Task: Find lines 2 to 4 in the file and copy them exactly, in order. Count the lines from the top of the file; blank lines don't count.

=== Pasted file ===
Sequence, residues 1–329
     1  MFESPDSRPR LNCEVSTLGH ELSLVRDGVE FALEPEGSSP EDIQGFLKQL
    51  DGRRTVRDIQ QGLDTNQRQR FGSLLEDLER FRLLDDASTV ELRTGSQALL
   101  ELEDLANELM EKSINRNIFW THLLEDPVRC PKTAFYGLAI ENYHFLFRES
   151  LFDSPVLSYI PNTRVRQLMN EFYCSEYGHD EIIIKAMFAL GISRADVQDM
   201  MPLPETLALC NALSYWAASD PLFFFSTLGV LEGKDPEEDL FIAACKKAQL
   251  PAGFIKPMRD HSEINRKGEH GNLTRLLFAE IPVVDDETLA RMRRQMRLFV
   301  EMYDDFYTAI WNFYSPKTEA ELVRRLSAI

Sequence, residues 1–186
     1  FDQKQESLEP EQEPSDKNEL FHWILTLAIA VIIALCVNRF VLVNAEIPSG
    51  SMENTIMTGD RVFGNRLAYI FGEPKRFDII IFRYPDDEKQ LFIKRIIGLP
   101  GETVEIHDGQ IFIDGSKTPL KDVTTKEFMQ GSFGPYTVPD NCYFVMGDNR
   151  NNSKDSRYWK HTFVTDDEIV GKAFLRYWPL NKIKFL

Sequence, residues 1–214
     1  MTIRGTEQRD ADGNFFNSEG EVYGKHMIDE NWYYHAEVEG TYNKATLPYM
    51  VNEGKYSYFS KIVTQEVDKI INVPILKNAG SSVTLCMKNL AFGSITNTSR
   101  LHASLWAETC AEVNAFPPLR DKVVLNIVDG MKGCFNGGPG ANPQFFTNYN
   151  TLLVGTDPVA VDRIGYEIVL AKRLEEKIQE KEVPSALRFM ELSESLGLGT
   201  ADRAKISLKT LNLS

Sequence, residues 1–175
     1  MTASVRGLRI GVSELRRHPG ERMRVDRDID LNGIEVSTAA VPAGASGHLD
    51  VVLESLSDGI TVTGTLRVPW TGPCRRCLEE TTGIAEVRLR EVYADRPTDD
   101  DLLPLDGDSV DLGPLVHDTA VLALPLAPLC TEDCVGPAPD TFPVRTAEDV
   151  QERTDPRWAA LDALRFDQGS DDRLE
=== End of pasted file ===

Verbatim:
     1  MFESPDSRPR LNCEVSTLGH ELSLVRDGVE FALEPEGSSP EDIQGFLKQL
    51  DGRRTVRDIQ QGLDTNQRQR FGSLLEDLER FRLLDDASTV ELRTGSQALL
   101  ELEDLANELM EKSINRNIFW THLLEDPVRC PKTAFYGLAI ENYHFLFRES